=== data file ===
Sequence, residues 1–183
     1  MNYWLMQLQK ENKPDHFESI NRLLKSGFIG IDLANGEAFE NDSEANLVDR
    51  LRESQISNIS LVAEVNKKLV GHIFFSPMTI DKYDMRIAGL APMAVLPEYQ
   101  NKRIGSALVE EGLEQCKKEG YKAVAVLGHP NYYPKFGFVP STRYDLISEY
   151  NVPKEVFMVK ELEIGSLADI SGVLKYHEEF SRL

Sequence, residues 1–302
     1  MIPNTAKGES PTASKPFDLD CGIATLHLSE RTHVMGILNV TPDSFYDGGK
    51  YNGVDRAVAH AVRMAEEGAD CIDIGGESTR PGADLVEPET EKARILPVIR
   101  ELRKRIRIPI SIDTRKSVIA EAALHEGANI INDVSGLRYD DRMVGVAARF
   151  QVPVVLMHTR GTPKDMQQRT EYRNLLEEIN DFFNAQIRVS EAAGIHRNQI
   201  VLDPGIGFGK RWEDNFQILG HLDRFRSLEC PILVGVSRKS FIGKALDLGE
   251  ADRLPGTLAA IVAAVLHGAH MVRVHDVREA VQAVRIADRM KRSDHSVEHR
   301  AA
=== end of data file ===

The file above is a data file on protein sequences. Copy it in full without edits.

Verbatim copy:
Sequence, residues 1–183
     1  MNYWLMQLQK ENKPDHFESI NRLLKSGFIG IDLANGEAFE NDSEANLVDR
    51  LRESQISNIS LVAEVNKKLV GHIFFSPMTI DKYDMRIAGL APMAVLPEYQ
   101  NKRIGSALVE EGLEQCKKEG YKAVAVLGHP NYYPKFGFVP STRYDLISEY
   151  NVPKEVFMVK ELEIGSLADI SGVLKYHEEF SRL

Sequence, residues 1–302
     1  MIPNTAKGES PTASKPFDLD CGIATLHLSE RTHVMGILNV TPDSFYDGGK
    51  YNGVDRAVAH AVRMAEEGAD CIDIGGESTR PGADLVEPET EKARILPVIR
   101  ELRKRIRIPI SIDTRKSVIA EAALHEGANI INDVSGLRYD DRMVGVAARF
   151  QVPVVLMHTR GTPKDMQQRT EYRNLLEEIN DFFNAQIRVS EAAGIHRNQI
   201  VLDPGIGFGK RWEDNFQILG HLDRFRSLEC PILVGVSRKS FIGKALDLGE
   251  ADRLPGTLAA IVAAVLHGAH MVRVHDVREA VQAVRIADRM KRSDHSVEHR
   301  AA